A third issue was of a more traditional syle (obverse portrait notes) - again with local buildings, flora and fauna reverses - bearing the new Litu denominations (dated 1991) - although these were issued in 1993.
This is the basic format that carried through until the present day in regular updated versions.
Shown below is a 1994 note containing a security thread, Horseman watermark, embedded silk threads, optical matching obverse and reverse shapes.
A new series, dated 2007 (issued 2008) of 10 and 100 Litu portrait notes were printed in places outside of Lithuania, like Germany and France, and are now incorporating many new anti-copying features and modern vertical serial number format. as well.
1994 Bank of Lituania One Litas
featuring writer J. Zemaite obverse and wooden Church buildings reverse
'Standard Catalog of World Paper Money - General Issues' by Albert Pick - Volume 2. Krause Publications 1996.
'Standard Catalog of World Paper Money - General Issues' - Edited by Colin R Bruce II & George S. Cuhaj. - Volume 3. 3rd. Edition. 1997.
'A Guide & Checklist to World Notgeld 1914 - 1947' by Courtney L. Coffing - 2nd. Edition. Krause Publication 1988
Next Issue:- From Mexico to Qatar!
For those who regularly read the 'Australasian Coin & Banknote Magazine' (CAB) - they may have noted a story, in a recent issue (October 2009) which mentions David Raymond - who was a notable numismatist and dealer in Sydney from the 1930's - 1950's - well before coin collecting became really popular amongst the general Australian public.
From the CAB article by T. Vincent Verheyen - and the original sources quoted in the article - we learnt that the name this man used was, in fact, a 'nom de commerce' - he was actually born as David Barnett and he died in 1959, aged 75, and he is buried in the Botany Jewish Cemetery in Sydney.
David Raymond could
rightly be recognised as helping to lay the foundations of modern numismatics -
and being one of the 'fathers' of the hobby - in Australia.
I was reading the brief resume of David Raymond's life and times and, suddenly remembered a slim book of only 22 pages that I had bought - with others - many years ago from the estate of a late colleague, Mrs Dorothy Lockwood (pic left)* who had passed away 5th July 1996.
The autographed publication had originally been presented as a complimentary gift, by a second signatory, to a local Launceston, Tasmania resident - who also left his/her mark by having ink-stamped it in a few places. It was a coincidence that the 'stamper' actually lived in a street very near to where I had lived as a child - just around the corner, in fact - so it had had already been pre-loved prior to it being obtained by Dorothy Lockwood - who lived 123 miles away in Hobart - and the little publication was showing some signs of its age.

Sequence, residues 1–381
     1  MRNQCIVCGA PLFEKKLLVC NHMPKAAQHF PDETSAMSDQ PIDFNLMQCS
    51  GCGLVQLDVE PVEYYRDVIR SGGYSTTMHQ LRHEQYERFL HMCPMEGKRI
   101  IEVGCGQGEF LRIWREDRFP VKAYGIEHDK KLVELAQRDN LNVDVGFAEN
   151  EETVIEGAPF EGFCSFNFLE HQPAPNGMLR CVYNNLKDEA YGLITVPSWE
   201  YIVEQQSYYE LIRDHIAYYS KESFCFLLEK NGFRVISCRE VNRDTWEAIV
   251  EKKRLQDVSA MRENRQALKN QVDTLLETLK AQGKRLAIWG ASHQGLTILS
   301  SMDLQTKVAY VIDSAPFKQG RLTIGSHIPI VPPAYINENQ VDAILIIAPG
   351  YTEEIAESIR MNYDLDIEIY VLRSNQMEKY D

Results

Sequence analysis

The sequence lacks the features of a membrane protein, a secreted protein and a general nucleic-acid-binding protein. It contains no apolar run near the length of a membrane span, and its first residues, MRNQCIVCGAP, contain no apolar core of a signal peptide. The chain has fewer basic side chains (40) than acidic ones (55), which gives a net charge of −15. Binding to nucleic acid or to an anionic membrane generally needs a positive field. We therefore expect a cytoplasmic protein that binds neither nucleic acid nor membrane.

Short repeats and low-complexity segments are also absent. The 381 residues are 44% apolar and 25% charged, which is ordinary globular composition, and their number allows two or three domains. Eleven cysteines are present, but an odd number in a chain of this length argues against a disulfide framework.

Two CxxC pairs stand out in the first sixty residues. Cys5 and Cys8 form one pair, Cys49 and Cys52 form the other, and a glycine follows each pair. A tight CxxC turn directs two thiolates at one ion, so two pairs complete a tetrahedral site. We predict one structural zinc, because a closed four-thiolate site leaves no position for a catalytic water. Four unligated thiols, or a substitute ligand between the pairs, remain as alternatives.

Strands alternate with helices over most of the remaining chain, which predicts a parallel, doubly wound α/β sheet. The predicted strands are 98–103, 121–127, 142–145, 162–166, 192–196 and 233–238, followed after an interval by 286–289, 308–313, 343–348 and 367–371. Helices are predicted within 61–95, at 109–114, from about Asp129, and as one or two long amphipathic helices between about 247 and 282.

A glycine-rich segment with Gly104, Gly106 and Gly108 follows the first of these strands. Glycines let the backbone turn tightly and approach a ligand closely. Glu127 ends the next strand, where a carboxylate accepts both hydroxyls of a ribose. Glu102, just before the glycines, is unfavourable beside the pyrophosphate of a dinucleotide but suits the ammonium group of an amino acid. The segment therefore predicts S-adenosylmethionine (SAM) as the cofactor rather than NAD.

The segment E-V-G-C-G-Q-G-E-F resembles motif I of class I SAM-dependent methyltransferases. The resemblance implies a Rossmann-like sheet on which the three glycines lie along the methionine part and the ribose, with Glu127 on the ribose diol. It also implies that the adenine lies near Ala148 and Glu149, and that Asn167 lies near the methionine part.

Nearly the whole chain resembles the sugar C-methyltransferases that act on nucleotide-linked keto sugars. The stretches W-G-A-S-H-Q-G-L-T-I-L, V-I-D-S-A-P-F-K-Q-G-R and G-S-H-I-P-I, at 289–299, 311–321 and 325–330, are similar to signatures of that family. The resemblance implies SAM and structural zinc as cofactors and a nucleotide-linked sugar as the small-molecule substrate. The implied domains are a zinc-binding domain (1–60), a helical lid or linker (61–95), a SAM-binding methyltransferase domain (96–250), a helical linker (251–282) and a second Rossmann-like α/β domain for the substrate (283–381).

Well - it has come North again, into my custodianship, after about 42 years of passing through so many pairs of hands - 5 that I know of - so far!
The 1954 autographed copy of David Raymond's booklet "Coins and the story they tell" (pic. right) has been an occasional handy asset in my library since its acquisition. The cover has faded and the pages are turning from white to yellowy-fawn with age - but it still has well-researched stories worth reading - and - now, I have the fringes of the story of the man behind the words - thanks to his own legacy to our great hobby..
Fly-leaf autograph of D. Raymond - October 1954
Editor's note - *It was to honour Dorothy's husband, the late Arthur J.Lockwood, who had initiated the famous A.J. Lockwood Award in 1970 - that the award - accompanied by a bronze medallion suitably inscribed - continued on under that name as a memorial piece. It was presented by the Tasmanian Numismatic Society - in consultation with other Australian numismatic organizations - to considered worthy Australian numismatists who were nominated, in secret, by their peers.
Until 1996, the A.J. Lockwood Award was presented only for Numismatic Literary Achievement, but, after Dorothy's death that year, and, in conjunction with the T.N.S., it was renamed the Lockwood Medal (with Certificate) and expanded to also cater for general Services to Australian Numismatics.
Currently, it is a periodical award - presented through the auspices of the Tasmanian Numismatic Society with the same criteria of peer selection - but it is still recognised as one of Australia's most prestigious numismatic honours. Dual medal presentations are permitted where achievements of note warrant the event.- it is not a shared Medal - the presentations are treated as individual honours to each winner for different reasons.
The list of recipients is a virtual 'who's who' of Australian numismatics - and this Editor was humbled to have been selected to join the elite group in 1998.
GENERAL INDEX UPDATE.
'TASMANIAN NUMISMATIST - INTERNET EDITION' 1996 - June 2007
Early issues of the 'Tasmanian Numismatist - Internet Edition', from 1995 - 1999. were permanently archived in 2000 and articles are not linked directly.
http://www.vision.net.au/~pwood/aug03.htm - 1995, 1996 - 1997 (Volumes 1 and 2) Archived. Content detail only. (Articles can be emailed).
http://www.vision.net.au/~pwood/ept2003.htm - 1998 - 1999 (Volumes 3 and 4) Archived. Content detail only. (Articles can be emailed).